Baby food and packaged fruit contain lead levels that warrant a toxic warning label, an investigation by the Oakland-based Environmental Law Foundation found.

The foundation tested 1,500 samples of baby food, packaged fruit and juice, and found that many contain lead levels above the limit that requires warning labels under California Proposition 65, which mandates disclosure of toxic substances. Three quarters of baby foods tested contained lead, it discovered.

Its analysis, based on tests by UC Santa Cruz, a private laboratory, and records from the companies themselves, examined 146 brands of grape juice, packaged pears, peaches and fruit cocktail, and baby food containing carrots, peaches, pears and sweet potatoes.

The tests on those samples detected lead in amounts between 2 and 29 micrograms per serving – far above the .5 micrograms per serving limit that triggers the warning requirement, said James Wheaton, executive director of the foundation.

The organization filed suit in state Superior Court in Alameda, demanding that 16 companies post Prop. 65 warnings on the lead-tainted food. And they are releasing the list on their website as a print-at-home shopping guide for consumers.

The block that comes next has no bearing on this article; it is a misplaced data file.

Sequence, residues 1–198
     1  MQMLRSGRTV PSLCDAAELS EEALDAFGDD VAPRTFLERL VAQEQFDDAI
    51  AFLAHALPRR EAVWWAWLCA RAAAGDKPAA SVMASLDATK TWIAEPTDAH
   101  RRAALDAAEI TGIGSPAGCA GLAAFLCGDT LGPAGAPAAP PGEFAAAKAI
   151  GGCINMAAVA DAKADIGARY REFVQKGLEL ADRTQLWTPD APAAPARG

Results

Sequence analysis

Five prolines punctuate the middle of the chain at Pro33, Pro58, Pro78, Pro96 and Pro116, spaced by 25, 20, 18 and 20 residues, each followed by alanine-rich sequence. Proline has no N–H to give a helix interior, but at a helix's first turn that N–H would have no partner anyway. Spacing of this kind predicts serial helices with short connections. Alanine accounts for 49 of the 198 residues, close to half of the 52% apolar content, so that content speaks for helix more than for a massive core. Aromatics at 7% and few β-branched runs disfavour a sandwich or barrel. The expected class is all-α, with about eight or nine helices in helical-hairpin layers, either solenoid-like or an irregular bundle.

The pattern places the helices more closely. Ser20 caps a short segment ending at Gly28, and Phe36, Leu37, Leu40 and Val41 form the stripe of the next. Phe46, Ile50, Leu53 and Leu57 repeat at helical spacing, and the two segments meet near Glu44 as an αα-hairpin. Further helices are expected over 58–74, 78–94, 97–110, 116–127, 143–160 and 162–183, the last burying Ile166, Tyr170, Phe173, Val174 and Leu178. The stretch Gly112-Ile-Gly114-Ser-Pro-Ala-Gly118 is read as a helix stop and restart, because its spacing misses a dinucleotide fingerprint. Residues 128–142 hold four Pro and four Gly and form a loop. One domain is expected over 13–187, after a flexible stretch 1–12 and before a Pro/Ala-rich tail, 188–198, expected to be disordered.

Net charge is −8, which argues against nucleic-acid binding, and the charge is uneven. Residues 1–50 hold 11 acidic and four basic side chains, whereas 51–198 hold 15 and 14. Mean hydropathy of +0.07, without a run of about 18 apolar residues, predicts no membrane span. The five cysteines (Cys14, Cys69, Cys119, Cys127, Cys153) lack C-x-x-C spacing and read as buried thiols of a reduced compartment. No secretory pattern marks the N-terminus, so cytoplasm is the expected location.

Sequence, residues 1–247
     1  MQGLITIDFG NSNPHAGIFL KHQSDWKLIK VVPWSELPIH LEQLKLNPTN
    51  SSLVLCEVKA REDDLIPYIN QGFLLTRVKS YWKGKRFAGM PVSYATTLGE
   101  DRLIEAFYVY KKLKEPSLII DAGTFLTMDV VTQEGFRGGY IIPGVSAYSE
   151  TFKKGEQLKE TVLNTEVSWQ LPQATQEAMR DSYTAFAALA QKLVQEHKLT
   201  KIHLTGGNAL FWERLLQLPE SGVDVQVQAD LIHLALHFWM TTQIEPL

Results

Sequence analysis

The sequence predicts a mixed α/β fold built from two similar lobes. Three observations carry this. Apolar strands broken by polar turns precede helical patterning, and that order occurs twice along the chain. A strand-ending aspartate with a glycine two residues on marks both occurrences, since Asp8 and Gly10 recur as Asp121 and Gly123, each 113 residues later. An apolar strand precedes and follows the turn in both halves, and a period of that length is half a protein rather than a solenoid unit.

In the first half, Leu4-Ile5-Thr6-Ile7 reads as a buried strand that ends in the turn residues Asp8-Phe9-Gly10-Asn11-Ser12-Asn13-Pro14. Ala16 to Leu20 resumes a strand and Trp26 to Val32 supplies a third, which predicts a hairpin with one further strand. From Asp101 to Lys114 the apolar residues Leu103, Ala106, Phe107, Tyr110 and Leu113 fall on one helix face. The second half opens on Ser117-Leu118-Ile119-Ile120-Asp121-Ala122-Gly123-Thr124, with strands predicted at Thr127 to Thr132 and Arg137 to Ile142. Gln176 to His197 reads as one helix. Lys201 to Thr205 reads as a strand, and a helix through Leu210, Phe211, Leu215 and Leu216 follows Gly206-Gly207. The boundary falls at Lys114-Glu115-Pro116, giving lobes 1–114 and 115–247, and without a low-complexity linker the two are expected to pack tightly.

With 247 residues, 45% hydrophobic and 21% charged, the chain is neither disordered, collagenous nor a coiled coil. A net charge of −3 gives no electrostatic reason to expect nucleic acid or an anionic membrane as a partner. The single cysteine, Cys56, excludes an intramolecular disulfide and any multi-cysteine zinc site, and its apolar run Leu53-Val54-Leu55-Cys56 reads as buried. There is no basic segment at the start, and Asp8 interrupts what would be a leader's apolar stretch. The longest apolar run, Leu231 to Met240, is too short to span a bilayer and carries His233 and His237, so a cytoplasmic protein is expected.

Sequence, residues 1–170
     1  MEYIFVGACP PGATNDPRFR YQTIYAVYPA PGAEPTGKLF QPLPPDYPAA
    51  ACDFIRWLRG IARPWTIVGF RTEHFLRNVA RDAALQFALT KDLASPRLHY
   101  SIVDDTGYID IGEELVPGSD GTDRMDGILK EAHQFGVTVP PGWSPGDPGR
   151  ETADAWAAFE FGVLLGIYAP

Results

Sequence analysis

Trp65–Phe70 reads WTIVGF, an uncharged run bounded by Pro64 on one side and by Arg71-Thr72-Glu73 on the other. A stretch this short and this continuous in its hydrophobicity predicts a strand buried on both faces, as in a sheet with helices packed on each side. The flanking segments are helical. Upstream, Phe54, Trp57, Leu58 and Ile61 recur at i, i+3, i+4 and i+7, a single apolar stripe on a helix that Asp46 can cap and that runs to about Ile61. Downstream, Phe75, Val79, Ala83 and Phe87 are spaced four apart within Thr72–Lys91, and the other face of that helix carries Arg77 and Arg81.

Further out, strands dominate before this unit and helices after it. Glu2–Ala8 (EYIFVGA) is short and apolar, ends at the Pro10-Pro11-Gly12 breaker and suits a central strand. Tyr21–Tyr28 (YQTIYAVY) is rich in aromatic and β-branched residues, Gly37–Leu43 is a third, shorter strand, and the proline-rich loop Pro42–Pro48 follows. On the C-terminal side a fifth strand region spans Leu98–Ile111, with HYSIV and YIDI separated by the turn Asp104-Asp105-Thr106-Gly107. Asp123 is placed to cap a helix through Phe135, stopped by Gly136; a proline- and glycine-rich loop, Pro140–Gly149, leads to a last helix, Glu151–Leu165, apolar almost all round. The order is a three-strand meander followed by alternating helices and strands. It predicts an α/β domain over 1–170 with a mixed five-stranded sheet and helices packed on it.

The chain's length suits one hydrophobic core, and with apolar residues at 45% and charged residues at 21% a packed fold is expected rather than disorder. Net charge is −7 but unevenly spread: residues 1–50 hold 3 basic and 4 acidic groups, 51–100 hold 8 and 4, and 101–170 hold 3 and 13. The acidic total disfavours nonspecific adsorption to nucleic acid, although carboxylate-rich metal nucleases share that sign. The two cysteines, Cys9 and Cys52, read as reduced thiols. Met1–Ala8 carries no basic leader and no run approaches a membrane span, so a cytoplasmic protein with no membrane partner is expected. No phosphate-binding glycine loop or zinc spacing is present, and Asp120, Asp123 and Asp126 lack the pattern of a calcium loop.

Lead exposure at even low doses can cause brain damage, learning disabilities, lowered IQ and behavioral problems in children, along with health problems in pregnant women and adults.

While the levels identified in the study wouldn’t cause lead poisoning in a single serving, they could contribute to long-term accumulation of the toxic metal. Last year, the Centers for Disease Control and Prevention reduced by half the benchmark used to identify high levels of lead in the bloodstream, but scientists said there’s no known safe level.

Statistics from the San Diego County Lead Prevention Program show that more than three percent of children tested for lead had elevated lead levels in 2010. In previous years, more than four percent tested positive for lead.

“At that low level, we’re seeing real, significant damage to their brain, their IQ,” said Leticia Ayala, associate director for programs for the San Diego Environmental Health Coalition.

“What we really want is information in mom’s hands, so that they can make choices,” he said. “We don’t allow lead in paint. We don’t allow it in gasoline. Why are we allowing it in baby food?”